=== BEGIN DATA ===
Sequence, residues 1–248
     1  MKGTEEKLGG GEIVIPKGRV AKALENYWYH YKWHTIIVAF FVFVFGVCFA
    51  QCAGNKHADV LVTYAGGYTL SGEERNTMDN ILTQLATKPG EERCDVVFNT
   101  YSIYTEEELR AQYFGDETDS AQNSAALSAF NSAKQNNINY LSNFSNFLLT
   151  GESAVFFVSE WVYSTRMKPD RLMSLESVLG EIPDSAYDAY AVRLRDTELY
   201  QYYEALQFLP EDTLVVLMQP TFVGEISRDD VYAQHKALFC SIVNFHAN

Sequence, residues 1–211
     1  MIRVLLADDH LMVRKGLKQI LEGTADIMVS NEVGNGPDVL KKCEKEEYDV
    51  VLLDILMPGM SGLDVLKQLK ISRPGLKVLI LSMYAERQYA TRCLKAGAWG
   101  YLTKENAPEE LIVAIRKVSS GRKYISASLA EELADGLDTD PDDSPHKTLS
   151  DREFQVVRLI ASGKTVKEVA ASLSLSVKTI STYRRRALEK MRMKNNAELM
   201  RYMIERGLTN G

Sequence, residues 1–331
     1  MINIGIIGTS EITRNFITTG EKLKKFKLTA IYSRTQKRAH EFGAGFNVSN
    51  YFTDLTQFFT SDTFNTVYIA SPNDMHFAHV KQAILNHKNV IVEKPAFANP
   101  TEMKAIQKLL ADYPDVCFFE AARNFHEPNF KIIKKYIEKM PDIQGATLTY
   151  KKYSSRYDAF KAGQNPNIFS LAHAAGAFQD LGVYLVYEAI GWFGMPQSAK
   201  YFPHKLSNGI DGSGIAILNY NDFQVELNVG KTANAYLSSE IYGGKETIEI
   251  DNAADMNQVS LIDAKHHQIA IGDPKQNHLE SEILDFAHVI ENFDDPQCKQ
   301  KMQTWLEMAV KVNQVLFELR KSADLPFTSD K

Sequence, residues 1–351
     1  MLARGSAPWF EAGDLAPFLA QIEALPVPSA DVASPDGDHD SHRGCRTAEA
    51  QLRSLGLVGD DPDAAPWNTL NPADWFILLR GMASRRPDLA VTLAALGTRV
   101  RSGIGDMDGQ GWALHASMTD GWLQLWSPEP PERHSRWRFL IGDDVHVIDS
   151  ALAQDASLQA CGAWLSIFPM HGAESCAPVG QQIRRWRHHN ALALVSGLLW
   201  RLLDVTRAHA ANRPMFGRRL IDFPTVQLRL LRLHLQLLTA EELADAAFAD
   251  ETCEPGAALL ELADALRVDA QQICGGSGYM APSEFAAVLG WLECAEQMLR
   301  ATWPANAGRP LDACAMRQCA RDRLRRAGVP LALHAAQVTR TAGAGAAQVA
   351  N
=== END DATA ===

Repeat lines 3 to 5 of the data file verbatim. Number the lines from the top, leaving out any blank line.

    51  QCAGNKHADV LVTYAGGYTL SGEERNTMDN ILTQLATKPG EERCDVVFNT
   101  YSIYTEEELR AQYFGDETDS AQNSAALSAF NSAKQNNINY LSNFSNFLLT
   151  GESAVFFVSE WVYSTRMKPD RLMSLESVLG EIPDSAYDAY AVRLRDTELY